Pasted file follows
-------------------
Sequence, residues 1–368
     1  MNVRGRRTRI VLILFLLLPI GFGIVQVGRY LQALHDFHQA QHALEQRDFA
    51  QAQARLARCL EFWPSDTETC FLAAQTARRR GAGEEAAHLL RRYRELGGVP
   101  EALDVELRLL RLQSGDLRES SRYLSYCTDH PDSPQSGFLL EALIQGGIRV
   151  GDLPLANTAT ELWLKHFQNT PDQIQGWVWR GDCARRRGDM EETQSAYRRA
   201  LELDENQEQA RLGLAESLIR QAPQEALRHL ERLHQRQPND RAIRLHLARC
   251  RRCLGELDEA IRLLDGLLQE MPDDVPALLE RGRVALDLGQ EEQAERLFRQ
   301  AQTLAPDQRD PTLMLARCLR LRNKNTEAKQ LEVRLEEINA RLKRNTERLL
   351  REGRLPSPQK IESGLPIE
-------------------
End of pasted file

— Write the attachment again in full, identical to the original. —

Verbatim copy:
Sequence, residues 1–368
     1  MNVRGRRTRI VLILFLLLPI GFGIVQVGRY LQALHDFHQA QHALEQRDFA
    51  QAQARLARCL EFWPSDTETC FLAAQTARRR GAGEEAAHLL RRYRELGGVP
   101  EALDVELRLL RLQSGDLRES SRYLSYCTDH PDSPQSGFLL EALIQGGIRV
   151  GDLPLANTAT ELWLKHFQNT PDQIQGWVWR GDCARRRGDM EETQSAYRRA
   201  LELDENQEQA RLGLAESLIR QAPQEALRHL ERLHQRQPND RAIRLHLARC
   251  RRCLGELDEA IRLLDGLLQE MPDDVPALLE RGRVALDLGQ EEQAERLFRQ
   301  AQTLAPDQRD PTLMLARCLR LRNKNTEAKQ LEVRLEEINA RLKRNTERLL
   351  REGRLPSPQK IESGLPIE